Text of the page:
Can you give us some examples of how?
We regularly raise awareness among institutions in two different ways. One is constantly liaising with the Italian Ministry of Foreign Affairs and the Directorate General for the Country Promotion. The other is always giving Parliament commissions information about our activity. The Dante – probably better known abroad than here in Italy – has 423 foreign Committees that can feel the planet’s pulse in real time, thus allowing us to make informed suggestions and give answers. We recently asked ENI to support us in locations with a strong commercial and industrial potential, but unfortunately the multinational oil and gas company has not shown interest. This is becoming a general negative trend with a real impact on our budget, also considering that public funding has decreased by 84%. This is why I keep advocating for the world of manufacturing to rediscover the essential reasons, and most importantly the right connections, to establish a new balance between culture and productivity in Italy. Furthermore, all of us, as citizens, should get involved in the resurgence of the Dante, as one of the best virtual places where we can rebuild the identity of our civilization.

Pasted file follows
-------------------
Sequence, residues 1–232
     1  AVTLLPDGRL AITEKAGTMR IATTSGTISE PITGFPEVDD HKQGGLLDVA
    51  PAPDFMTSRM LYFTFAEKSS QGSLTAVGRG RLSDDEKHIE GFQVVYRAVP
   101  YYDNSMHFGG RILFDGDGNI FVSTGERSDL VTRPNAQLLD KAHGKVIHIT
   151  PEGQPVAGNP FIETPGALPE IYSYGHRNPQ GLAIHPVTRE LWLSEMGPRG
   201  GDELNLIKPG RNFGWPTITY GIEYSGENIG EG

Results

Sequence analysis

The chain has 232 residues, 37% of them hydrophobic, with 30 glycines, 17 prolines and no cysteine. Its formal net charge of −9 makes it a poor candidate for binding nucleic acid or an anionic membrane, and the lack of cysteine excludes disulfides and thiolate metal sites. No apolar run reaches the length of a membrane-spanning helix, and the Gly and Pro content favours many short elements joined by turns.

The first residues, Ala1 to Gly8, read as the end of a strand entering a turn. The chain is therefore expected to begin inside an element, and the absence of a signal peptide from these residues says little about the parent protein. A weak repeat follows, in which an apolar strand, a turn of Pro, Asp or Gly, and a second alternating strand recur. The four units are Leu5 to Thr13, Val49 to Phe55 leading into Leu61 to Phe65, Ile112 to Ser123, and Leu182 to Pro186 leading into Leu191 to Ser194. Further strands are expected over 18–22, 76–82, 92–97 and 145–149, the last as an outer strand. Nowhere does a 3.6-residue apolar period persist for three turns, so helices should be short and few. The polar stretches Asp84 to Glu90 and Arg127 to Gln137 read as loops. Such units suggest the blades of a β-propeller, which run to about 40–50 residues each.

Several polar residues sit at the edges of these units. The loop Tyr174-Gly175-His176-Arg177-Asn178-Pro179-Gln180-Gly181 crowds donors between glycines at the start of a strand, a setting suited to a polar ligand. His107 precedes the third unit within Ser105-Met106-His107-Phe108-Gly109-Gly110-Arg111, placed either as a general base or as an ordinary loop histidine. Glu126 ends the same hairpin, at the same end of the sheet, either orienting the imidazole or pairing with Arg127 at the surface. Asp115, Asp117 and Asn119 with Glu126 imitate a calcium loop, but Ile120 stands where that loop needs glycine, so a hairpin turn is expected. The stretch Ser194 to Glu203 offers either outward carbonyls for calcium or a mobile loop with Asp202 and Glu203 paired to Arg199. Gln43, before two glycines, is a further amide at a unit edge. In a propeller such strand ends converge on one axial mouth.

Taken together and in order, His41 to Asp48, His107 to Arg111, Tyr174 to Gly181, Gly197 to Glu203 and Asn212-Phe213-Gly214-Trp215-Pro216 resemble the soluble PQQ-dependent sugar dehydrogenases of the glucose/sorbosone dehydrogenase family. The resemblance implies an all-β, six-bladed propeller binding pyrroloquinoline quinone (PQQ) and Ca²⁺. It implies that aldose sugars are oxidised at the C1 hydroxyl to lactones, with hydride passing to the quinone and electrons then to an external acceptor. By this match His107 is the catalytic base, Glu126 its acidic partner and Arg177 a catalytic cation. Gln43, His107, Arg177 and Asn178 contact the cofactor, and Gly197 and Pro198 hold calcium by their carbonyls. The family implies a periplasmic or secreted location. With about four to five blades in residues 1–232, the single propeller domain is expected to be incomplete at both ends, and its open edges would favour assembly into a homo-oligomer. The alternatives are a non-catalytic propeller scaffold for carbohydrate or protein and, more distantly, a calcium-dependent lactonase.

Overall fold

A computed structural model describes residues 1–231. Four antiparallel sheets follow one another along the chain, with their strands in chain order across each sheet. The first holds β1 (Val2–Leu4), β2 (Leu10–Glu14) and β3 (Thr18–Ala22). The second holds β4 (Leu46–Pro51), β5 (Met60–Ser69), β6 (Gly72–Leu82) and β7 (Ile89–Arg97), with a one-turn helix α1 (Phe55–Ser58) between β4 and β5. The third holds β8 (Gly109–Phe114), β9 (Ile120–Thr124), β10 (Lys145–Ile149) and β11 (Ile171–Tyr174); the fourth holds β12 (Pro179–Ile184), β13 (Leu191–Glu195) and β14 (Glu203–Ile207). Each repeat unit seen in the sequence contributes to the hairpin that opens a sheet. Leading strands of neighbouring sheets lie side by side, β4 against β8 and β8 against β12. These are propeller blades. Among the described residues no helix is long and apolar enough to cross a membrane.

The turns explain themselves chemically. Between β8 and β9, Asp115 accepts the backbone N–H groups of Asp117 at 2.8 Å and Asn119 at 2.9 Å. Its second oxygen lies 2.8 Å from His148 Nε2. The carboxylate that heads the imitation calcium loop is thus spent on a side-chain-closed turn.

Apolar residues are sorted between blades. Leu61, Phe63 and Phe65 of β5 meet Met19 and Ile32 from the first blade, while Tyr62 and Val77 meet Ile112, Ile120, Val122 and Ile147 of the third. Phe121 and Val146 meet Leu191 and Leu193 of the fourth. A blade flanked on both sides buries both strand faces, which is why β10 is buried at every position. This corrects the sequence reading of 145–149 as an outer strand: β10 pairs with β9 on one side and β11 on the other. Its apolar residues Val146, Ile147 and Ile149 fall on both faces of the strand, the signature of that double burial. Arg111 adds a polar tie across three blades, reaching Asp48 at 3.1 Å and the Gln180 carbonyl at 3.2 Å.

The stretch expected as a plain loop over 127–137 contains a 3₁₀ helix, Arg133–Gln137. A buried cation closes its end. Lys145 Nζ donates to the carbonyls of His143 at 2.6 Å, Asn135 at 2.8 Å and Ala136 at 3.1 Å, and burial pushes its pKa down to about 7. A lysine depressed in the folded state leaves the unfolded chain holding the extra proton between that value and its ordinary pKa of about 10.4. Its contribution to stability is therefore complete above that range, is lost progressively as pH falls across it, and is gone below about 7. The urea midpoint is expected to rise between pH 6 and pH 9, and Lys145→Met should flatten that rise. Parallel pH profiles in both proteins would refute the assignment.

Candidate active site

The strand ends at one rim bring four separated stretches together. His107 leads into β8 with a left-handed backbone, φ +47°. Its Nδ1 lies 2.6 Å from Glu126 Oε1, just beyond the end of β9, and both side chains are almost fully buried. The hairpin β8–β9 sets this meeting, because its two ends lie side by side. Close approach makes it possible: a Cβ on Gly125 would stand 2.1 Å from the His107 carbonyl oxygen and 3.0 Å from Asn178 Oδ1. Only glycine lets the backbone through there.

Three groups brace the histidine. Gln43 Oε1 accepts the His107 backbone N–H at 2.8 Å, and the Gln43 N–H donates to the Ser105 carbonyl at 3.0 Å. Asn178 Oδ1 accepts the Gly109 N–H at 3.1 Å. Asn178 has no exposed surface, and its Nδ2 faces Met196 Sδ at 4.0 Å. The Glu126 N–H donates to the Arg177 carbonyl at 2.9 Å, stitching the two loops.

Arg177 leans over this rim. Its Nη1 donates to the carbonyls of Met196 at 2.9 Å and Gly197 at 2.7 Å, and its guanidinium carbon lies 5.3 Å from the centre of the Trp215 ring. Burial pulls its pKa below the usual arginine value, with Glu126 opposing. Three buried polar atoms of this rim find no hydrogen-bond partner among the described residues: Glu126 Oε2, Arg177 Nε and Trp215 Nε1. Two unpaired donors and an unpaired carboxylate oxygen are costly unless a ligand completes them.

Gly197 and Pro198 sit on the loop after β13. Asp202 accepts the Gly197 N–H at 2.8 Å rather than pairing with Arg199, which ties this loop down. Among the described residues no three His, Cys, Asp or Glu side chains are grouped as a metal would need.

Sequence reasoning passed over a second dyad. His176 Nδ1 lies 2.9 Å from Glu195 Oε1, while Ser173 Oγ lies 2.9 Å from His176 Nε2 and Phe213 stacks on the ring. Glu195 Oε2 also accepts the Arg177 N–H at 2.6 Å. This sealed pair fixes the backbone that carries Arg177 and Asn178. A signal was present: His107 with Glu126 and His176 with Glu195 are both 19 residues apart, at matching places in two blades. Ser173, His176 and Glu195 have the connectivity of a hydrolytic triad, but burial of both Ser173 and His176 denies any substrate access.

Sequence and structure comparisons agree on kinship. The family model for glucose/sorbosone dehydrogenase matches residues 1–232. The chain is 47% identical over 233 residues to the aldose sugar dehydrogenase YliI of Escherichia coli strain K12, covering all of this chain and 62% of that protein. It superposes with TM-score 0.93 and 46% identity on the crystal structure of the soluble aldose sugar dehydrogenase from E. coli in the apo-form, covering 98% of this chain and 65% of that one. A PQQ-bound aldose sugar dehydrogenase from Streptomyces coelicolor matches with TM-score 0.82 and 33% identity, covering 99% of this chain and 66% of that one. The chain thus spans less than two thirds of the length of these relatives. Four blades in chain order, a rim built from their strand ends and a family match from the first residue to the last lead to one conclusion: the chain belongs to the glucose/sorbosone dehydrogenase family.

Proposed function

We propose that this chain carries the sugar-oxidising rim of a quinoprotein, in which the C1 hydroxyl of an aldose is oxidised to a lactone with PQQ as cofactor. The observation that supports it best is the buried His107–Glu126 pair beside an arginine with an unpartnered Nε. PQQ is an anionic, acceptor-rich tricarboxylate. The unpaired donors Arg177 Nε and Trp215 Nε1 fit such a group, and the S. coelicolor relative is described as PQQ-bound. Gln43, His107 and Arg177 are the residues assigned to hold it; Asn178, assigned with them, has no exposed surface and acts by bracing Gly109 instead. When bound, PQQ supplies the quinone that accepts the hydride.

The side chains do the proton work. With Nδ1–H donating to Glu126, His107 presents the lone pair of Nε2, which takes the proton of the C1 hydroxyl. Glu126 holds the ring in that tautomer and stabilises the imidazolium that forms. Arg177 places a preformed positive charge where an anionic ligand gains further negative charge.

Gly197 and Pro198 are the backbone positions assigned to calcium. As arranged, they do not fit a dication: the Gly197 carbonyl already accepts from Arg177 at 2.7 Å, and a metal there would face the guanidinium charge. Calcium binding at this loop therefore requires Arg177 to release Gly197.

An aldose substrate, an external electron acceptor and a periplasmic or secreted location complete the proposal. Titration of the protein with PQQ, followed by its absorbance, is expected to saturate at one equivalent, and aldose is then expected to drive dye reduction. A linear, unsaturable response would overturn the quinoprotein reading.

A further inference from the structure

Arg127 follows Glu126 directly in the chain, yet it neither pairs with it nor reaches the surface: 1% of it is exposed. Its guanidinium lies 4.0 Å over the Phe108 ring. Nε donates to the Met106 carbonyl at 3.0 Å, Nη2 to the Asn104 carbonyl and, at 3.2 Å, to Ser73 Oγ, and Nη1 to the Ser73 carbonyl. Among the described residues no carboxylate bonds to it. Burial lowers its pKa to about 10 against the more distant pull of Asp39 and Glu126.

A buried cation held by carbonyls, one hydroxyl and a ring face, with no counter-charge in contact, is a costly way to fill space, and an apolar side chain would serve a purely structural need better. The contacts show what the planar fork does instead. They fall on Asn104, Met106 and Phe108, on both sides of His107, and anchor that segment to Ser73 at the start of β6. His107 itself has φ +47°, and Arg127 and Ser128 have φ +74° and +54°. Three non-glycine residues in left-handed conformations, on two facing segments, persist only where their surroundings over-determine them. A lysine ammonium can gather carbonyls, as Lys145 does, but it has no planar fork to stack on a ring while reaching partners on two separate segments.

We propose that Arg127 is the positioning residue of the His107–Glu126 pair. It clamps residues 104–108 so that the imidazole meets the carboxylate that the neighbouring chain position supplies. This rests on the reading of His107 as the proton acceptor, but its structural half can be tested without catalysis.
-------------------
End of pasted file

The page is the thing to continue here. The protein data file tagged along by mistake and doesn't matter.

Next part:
Has the drastic cut in public funding taken a serious toll?
Yes, very serious. Just to give one example, we have not been able to provide scholarships for students who wanted to come to Italy to study. Scholarships were one of our ways to allow people from around the world to get to know our country, creating “ambassadors of Italian culture” and generating obvious benefits.
However, the Dante still has a strong presence worldwide…